About a month after the new radiator install, I backed out of my driveway one evening and started driving across town (about 3 miles, pretty small town). What I didn't realize until the truck stopped moving was tat I blew a trans cooler line off as I backed out of my driveway. I was fortunate enough to roll into a parking lot that was across the street from an auto parts store. I really had no idea why the transmission quite working until I opened my door and saw the trail of ATF that followed me into the parking lot! As soon as I opened the hood I saw the cooler line disconnected. Of course, I had no tools with me. I borrowed a screwdriver, a funnel, and bought 4 quarts of AFT +4 ($9.00 a quart) from the parts store and went back to the parking lot and reinstalled the cooler line (I don't believe I had the hose clamp tight enough and it took a month of driving to wiggle its way off.) I was able to reconnect the cooler line (not very fun in a parking lot reaching over the fender because I don't fit under the front end of the truck. I added the 4 quarts of ATF +4 but it still wasn't touching the dipstick. Back across the street, I returned everything except the funnel, and bought 4 more quarts of ATF +4 (all the money I had on me!) Fortunately that was enough to get me back home. There I added another quart to bring the level back up full. The entire transmission only holds 9 quarts! I litterly ran it dry. As expected, I checked the tightness of all the hose clamps. I must have missed that one clamp on my final check before I started driving the truck after the radiator swap.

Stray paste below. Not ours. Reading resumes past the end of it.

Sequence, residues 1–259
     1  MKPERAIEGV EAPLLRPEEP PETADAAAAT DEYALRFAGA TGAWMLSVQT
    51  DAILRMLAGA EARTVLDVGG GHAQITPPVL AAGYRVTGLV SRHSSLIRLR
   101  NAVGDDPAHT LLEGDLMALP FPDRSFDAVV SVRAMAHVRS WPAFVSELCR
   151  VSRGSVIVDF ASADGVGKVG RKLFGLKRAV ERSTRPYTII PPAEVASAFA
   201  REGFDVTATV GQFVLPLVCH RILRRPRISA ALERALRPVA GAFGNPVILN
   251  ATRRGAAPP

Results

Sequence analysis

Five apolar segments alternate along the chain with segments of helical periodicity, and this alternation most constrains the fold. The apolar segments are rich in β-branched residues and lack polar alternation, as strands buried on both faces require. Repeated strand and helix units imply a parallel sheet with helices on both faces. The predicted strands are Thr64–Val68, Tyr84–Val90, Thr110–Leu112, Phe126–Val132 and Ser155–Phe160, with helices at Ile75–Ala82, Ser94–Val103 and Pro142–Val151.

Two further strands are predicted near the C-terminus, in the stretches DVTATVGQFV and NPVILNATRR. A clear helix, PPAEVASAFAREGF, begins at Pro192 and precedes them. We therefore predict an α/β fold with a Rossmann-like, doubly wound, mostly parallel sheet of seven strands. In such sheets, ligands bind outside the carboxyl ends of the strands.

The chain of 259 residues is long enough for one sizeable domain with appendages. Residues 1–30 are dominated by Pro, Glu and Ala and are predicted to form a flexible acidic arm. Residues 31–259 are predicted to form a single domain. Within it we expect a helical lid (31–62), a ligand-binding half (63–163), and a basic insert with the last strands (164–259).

Since the cooler line mishap, the transmission does not have OD, but everything else still works. I'm fortunate that at least all the forward gear and reverse still functions. The OD switch is in the pan, I suspect it got damaged when I ran the trans out of fluid. I was able to use the truck (without OD) until I was able to drive the coupe. As long as I'm just using the truck locally its working OK. I'm getting started on body work right now.

            I intend to make a bed cover for this truck. When I first built it, I put the gas filler inside of the bed. I want to move that to the outside before the body and paint get done, in preparation for the bed cover. Then I want to raise up the front bumper. I like the way it looks, but as far as being a bumper, its 4" too low to be effective. That is going to require bumper bracket modification and possible front nose panel modification, and I wan that done before the body and paint work as well. Gene